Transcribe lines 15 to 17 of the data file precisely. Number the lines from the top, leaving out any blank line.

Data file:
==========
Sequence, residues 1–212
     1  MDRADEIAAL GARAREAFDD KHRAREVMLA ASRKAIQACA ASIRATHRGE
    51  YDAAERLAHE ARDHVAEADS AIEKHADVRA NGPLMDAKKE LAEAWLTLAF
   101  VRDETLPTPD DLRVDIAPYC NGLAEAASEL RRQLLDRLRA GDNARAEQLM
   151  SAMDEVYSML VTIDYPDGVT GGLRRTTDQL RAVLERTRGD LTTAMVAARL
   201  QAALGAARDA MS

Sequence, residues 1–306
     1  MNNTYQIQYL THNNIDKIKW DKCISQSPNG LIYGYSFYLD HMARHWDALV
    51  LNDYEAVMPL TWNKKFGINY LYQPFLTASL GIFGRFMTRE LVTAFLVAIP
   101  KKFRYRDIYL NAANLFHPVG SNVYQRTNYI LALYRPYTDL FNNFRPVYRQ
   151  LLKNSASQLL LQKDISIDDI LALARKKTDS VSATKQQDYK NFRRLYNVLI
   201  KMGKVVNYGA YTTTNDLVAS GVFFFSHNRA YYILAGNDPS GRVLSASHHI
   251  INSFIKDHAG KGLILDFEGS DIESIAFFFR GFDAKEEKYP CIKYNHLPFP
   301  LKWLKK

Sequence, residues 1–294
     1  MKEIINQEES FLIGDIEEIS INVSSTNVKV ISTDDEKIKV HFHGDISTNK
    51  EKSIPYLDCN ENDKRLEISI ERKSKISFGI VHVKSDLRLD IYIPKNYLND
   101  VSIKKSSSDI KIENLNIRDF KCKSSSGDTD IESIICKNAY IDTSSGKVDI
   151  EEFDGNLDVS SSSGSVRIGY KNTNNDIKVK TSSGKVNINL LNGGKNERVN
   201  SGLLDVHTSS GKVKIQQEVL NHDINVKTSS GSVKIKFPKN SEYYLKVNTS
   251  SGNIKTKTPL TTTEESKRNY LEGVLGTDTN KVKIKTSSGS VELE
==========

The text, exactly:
Sequence, residues 1–294
     1  MKEIINQEES FLIGDIEEIS INVSSTNVKV ISTDDEKIKV HFHGDISTNK
    51  EKSIPYLDCN ENDKRLEISI ERKSKISFGI VHVKSDLRLD IYIPKNYLND